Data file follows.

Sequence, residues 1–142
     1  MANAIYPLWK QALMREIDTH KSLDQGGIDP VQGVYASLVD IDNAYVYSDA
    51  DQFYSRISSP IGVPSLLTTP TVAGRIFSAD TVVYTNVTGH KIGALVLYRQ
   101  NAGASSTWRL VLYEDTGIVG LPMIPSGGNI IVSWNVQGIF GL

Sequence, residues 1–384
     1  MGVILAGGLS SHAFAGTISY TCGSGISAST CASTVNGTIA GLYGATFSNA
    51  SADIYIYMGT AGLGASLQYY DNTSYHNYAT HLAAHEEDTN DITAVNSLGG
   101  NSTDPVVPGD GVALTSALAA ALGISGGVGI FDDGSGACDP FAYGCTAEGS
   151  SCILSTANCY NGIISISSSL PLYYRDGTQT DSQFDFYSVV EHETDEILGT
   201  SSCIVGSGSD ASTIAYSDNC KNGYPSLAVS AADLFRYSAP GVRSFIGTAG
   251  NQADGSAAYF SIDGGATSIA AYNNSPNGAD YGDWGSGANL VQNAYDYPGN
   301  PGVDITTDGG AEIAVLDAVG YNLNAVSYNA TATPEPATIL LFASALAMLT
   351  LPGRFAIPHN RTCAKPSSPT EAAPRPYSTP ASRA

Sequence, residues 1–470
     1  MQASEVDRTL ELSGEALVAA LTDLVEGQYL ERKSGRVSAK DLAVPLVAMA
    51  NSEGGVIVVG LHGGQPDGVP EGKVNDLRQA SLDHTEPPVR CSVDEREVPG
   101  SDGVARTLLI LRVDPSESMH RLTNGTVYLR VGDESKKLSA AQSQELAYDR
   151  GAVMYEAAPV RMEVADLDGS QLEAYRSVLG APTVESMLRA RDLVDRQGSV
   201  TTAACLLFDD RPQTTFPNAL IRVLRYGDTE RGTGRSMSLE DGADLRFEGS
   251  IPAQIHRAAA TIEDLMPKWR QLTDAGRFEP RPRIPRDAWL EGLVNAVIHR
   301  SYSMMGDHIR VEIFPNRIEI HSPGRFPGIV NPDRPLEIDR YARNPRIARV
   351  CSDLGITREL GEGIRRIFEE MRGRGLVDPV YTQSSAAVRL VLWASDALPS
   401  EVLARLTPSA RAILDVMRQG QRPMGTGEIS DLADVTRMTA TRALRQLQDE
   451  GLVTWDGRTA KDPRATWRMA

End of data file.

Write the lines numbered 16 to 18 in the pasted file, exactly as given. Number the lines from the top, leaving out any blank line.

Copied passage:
    51  NSEGGVIVVG LHGGQPDGVP EGKVNDLRQA SLDHTEPPVR CSVDEREVPG
   101  SDGVARTLLI LRVDPSESMH RLTNGTVYLR VGDESKKLSA AQSQELAYDR
   151  GAVMYEAAPV RMEVADLDGS QLEAYRSVLG APTVESMLRA RDLVDRQGSV